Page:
“One of my favorite tidbits is to observe the historical tracking of the pro-life questions on the poll,” Kiessling also noted. I think it speaks to the work of the Holy Spirit through the Body of Christ when [the Church] focuses and ‘finds her voice’ on a topic or teaching. Reaching back to poll data in the early 1980’s, LCMS youth were about 50 percent ‘pro-life’, specifically seen as being against abortion.  Some of the life issues were pretty new to our social and church culture. As the Church learned to respond and educate to these issues, young people have become more ‘pro-life.’ The numbers range around 75 percent now being pro-life and having an understanding of what that means. It’s a joy to see and encouragement to keep teaching the faith in love.”

‘We are never done’

“Having been responsible for the first 13 polls, I can tell you we are never done,” Dittmer concluded.

“Christian young people will continue to face challenges to their Christian faith, their stance on moral issues and the truth of Christ’s Word,” said Kiessling. “We give thanks for their faith in Christ and for being in a Christian community where they can be nurtured in their life in Christ. LCMS congregations are on the front-line of forming current and future leaders of the Church as young people learn to live as ‘light and salt’ in the world. Thanks be to God for life and His forgiveness given in our baptism and through our faith.”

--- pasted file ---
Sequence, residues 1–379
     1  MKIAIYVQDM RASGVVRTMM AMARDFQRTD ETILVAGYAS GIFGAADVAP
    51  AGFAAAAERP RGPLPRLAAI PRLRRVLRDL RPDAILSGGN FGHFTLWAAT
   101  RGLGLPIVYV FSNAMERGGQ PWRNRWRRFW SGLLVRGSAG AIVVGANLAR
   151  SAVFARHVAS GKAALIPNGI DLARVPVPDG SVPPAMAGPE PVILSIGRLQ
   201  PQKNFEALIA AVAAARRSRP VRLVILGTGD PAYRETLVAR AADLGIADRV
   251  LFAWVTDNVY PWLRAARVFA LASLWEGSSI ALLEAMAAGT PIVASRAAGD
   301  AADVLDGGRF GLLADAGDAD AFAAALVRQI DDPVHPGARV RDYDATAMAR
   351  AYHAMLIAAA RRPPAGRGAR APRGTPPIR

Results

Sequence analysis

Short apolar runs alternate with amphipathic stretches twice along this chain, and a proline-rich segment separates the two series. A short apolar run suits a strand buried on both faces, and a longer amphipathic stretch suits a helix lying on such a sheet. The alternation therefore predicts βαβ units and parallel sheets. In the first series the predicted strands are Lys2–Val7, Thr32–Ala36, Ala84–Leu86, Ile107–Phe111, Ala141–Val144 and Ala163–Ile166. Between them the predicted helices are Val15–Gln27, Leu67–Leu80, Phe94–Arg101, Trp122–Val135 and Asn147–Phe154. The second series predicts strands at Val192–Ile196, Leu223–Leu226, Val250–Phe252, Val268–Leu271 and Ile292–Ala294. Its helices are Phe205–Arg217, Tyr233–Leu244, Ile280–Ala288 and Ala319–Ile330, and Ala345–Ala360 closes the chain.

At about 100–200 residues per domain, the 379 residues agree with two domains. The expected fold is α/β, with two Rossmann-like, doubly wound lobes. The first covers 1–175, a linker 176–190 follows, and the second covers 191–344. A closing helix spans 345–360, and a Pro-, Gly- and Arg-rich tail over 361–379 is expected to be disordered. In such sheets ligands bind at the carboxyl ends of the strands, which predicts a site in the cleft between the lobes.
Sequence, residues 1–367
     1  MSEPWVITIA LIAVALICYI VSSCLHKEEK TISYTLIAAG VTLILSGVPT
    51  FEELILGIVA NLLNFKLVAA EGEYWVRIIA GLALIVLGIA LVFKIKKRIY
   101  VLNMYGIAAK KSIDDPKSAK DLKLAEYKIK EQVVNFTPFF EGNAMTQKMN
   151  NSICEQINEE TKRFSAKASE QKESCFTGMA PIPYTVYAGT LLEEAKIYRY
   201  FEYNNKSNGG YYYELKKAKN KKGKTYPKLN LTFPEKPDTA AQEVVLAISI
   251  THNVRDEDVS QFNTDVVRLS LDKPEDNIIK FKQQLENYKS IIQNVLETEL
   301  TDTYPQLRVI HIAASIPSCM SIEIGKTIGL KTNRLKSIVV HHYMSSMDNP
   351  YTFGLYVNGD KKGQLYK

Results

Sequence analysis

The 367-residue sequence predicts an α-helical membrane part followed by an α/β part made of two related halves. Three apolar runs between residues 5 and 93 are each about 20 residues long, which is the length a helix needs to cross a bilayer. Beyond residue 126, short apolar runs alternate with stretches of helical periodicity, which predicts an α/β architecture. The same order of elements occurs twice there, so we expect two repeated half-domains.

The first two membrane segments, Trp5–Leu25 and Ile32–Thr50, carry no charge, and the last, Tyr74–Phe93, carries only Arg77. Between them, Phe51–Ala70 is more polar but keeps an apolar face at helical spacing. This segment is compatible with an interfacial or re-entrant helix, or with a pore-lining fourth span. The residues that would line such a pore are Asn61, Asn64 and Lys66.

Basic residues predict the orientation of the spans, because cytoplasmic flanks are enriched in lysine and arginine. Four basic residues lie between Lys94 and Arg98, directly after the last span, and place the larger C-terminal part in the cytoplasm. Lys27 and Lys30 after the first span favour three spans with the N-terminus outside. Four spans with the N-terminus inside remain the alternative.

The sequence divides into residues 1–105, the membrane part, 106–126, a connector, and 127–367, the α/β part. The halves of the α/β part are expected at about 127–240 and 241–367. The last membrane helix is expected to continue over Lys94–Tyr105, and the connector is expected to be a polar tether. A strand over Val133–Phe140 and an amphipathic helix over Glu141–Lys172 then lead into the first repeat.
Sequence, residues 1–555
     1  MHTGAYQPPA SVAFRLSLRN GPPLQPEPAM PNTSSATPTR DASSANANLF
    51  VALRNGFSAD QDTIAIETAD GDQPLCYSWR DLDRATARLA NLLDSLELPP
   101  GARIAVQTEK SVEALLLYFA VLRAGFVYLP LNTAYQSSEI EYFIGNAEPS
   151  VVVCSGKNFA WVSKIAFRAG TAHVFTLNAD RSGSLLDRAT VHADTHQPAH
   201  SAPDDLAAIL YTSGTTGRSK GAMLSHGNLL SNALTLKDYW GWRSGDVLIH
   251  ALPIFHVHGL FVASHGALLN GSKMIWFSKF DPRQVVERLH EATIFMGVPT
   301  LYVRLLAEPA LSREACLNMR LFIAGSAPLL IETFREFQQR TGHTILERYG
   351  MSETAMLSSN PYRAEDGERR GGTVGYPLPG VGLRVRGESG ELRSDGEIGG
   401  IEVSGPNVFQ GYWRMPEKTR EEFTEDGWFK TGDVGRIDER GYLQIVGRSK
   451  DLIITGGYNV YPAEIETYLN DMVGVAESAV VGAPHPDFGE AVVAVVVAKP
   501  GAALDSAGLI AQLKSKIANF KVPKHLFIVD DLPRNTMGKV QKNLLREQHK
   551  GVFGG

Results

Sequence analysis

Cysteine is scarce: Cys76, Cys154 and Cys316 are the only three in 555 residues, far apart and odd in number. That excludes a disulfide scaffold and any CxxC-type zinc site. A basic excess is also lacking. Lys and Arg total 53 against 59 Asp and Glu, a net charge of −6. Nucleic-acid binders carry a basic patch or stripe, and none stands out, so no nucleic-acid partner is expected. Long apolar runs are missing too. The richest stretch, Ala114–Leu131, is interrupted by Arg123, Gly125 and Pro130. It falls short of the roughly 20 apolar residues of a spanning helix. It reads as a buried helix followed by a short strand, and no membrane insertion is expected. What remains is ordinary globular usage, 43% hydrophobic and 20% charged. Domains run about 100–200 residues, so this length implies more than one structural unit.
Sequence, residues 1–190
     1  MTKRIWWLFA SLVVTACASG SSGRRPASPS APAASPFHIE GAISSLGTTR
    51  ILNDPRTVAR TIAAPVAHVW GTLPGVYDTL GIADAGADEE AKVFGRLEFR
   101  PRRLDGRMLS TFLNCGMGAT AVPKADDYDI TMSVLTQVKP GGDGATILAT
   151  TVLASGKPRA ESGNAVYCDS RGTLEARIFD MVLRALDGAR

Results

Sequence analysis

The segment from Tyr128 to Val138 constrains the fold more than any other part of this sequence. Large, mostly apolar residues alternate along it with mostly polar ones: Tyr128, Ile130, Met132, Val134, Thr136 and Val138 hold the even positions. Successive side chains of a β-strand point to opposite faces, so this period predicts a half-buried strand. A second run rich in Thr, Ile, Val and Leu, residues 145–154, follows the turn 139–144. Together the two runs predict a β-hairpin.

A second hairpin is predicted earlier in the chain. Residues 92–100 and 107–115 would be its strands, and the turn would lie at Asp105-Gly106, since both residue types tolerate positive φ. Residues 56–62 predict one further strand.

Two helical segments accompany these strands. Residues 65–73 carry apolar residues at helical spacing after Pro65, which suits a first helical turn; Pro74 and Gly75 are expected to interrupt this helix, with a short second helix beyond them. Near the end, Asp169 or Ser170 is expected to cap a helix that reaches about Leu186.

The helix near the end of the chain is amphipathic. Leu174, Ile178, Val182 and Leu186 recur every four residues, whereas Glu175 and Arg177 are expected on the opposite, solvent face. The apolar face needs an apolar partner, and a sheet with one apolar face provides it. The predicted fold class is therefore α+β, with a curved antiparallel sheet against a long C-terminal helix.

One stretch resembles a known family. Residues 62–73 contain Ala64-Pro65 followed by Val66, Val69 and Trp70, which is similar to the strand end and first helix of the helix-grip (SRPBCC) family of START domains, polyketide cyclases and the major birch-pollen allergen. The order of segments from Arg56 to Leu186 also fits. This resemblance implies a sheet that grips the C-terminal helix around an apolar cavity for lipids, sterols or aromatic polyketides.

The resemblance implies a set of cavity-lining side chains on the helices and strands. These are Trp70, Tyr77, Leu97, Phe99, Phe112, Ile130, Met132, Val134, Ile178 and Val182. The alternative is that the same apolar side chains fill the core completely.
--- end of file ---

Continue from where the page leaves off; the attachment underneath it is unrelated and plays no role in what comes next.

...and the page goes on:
Posted January 24, 2017

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One Response to LYF Youth Poll results reflect headlines, scriptural stance

  1. Paul Steiner January 26, 2017 at 5:59 pm #

    It would be helpful if we could follow these youth into adulthood in a long term study. Has anyone surveyed today’s LCMS church leadership (perhaps Convention attendees?)to see how their beliefs line up with the young? One question could ask if they attended an NYG as a youth. PjS